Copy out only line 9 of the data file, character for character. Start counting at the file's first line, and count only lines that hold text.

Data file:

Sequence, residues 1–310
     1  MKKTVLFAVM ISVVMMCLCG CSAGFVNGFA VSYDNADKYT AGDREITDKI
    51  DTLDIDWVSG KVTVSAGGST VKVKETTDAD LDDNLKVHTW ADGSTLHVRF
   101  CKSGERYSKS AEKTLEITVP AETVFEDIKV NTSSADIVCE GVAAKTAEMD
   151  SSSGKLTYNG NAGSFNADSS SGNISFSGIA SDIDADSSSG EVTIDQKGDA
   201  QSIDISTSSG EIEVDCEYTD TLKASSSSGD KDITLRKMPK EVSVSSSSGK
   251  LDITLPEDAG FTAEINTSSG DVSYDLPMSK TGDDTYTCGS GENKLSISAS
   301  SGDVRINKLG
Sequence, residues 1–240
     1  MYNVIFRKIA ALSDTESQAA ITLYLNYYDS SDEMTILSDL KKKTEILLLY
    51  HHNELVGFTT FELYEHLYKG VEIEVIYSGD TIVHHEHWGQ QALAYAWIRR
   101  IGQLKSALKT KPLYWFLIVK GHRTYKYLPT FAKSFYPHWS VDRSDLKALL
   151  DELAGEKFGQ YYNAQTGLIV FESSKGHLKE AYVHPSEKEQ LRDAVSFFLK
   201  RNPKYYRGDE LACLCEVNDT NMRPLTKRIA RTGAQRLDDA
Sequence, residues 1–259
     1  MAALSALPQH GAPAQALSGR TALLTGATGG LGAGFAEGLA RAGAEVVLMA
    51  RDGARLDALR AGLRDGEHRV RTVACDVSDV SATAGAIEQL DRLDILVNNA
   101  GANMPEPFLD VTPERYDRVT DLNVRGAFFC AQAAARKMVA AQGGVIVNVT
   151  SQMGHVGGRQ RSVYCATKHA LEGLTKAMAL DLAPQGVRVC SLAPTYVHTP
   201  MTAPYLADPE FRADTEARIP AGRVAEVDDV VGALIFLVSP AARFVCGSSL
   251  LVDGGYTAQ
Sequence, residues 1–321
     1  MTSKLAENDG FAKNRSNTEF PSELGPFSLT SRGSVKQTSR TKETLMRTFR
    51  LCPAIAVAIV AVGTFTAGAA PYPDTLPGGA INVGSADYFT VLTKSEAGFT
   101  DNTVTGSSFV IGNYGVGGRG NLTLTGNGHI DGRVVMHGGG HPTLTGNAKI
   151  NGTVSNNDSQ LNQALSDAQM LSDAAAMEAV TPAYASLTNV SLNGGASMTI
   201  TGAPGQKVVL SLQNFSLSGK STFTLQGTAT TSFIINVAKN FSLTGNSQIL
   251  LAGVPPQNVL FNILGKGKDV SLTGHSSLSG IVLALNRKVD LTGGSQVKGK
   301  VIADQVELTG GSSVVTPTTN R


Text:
Sequence, residues 1–240